Originally Posted by itsiceman
Does that fall under Clean Copper ?
Where in south Jersey are you?
Originally Posted by james264
The conventional view serves to protect us from the painful job of thinking.
[QUOTE=itsiceman;2005051]Tru-apper must have not liked the way ice did it because you can get TXV's installed at the factory for a remote box and what's wrong with remoteing it underneath
I am more than confident we all know the expansion valve installation had nothing to do with the melt down.
Cases can be ordered with a remote system, and further you can use your own brand of condensing unit.
However, the factory should be consulted before taking on the task yourself. This is to ensure the case will still have the warranties intact, and the protection of the UL cert.
Remember, the compressor has a 5 year warranty. If you convert the case without approval, and the compressor dies in year 5 before the warranty is up, the customer may be responsible for the cost of the compressor as well.
I am pretty sure Ice knew what I meant because he mentioned that even adding the limit ON YOUR OWN is changing the design and engineering of the case, hence, you void the warranty and put yourself at risk.
I suppose my point is there may be someone reading this thread and thinking it would be a good idea to add limits and or change the engineering of the equipment without first calling the factory, this could put that individual at great risk of a law suit, even if the changes are for the customers best interest.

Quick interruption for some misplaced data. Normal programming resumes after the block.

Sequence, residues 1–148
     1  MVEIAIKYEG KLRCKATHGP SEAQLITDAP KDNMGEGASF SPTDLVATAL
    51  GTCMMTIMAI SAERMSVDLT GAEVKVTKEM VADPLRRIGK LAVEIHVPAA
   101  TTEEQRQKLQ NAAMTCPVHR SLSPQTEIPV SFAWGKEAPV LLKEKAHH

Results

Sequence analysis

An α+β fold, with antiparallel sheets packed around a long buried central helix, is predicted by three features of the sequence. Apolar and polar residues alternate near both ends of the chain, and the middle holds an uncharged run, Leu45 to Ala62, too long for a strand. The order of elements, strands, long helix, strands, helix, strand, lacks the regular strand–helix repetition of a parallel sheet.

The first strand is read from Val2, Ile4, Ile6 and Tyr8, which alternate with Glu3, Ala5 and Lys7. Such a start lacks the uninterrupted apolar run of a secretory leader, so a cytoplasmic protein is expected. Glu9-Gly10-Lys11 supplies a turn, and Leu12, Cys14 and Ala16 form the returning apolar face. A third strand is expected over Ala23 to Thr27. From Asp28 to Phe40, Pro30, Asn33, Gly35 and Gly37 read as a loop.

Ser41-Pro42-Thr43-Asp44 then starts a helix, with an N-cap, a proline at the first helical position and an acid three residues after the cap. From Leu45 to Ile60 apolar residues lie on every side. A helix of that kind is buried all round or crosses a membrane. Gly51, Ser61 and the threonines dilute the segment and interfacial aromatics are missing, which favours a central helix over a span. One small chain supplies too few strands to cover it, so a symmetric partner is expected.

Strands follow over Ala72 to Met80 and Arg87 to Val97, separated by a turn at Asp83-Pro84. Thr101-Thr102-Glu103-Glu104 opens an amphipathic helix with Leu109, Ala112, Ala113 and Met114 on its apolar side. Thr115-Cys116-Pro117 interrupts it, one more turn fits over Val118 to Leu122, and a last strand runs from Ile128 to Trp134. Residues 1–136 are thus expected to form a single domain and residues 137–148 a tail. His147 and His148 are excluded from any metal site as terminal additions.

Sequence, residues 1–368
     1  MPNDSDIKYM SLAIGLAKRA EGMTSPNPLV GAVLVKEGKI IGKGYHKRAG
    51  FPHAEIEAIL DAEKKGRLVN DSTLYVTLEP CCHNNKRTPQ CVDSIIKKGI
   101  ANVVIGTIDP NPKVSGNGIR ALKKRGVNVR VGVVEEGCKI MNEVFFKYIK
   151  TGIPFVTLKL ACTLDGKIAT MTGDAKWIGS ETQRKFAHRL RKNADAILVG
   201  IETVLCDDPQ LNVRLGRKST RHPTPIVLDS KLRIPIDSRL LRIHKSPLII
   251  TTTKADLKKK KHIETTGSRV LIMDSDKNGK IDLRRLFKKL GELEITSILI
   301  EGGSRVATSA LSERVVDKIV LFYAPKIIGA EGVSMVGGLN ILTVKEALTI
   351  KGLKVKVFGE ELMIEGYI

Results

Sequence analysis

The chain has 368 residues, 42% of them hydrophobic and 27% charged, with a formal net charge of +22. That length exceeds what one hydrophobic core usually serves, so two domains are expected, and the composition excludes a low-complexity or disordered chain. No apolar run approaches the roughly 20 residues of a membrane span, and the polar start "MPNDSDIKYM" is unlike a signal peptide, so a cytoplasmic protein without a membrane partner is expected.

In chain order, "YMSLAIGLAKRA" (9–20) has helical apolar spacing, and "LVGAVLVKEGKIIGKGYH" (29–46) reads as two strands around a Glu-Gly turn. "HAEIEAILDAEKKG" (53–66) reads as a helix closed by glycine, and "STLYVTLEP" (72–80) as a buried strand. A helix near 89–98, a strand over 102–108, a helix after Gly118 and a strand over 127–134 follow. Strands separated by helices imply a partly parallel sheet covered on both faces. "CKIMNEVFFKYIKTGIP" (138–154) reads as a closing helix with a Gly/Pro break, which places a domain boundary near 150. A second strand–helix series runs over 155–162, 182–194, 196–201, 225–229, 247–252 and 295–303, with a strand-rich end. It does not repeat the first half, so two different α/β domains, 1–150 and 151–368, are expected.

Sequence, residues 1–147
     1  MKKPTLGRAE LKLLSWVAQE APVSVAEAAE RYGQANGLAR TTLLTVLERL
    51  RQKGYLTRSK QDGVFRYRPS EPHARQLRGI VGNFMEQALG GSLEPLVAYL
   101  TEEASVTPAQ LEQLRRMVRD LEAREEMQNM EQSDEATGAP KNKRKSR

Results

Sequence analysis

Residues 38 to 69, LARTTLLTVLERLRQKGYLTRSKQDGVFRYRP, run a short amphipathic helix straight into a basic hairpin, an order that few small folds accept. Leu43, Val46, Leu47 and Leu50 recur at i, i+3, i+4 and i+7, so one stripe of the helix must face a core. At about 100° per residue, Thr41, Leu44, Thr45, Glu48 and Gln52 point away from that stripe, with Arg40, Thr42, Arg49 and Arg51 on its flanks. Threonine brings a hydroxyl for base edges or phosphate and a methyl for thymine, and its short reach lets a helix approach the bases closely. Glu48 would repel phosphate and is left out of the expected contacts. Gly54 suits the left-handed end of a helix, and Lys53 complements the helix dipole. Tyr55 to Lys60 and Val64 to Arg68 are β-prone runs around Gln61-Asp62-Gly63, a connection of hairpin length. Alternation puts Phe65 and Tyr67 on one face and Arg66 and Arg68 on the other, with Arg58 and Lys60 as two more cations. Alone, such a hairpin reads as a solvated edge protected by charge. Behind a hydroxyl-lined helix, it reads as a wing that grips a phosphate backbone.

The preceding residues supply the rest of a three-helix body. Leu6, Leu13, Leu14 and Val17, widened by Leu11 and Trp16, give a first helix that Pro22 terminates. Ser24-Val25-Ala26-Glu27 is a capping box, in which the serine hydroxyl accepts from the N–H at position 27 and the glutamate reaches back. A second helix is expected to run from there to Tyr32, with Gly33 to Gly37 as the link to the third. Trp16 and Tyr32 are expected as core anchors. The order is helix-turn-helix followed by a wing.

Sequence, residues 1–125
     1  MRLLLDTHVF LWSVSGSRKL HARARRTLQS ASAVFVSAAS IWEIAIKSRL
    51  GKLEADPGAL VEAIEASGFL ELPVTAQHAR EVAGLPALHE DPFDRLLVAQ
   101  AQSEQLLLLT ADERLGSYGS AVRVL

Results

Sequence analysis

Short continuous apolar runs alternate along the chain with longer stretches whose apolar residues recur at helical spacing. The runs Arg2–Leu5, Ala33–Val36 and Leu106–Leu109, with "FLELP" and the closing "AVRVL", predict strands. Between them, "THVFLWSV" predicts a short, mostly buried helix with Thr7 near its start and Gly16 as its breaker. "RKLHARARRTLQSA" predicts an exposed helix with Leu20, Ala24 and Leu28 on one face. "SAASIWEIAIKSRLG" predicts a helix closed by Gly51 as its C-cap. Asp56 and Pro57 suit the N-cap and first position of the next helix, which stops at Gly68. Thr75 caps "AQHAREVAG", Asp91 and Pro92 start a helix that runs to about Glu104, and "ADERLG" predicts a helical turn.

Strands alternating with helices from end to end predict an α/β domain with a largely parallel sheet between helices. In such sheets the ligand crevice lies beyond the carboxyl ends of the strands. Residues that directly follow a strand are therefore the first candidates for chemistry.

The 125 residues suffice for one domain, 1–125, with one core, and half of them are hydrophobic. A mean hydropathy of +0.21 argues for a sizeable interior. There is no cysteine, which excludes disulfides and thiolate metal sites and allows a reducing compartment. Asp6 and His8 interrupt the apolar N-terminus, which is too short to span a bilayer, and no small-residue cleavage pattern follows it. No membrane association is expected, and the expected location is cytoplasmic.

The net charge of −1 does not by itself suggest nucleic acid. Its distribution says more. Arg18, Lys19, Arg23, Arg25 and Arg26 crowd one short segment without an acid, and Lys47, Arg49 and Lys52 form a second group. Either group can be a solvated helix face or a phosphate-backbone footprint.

Just a thought to consider.
Originally Posted by coldcube
The TEV mod issue aside, the bottom line here is a service technician must always be aware that whatever he does in the course of repairing a customer's equipment exposes him to some degree of risk. If you're not absolutely sure how to approach a particular repair, by all means contact the factory for assistance and/or approval. This serves to help minimize that risk.
So don't attempt this at home, kids.
Oh, and BTW...
If anyone out there copied my pic of the GDM-72F wiring schematic for future reference, it's WRONG.
This case requires 230/115V 4-wire power. Everything is 115V except for the compressor, which is 230V. The schematic doesn't reflect that.
I didn't notice it until I rewired the whole top side after the "meltdown".
Note that the diagram indicates no supply voltage, so without further information, one would assume this whole system must be 115V...what with the black hot and white neutral.
There's one red wire missing between the compressor receptacle and the power plug and that white wire to the compressor receptacle should be erased.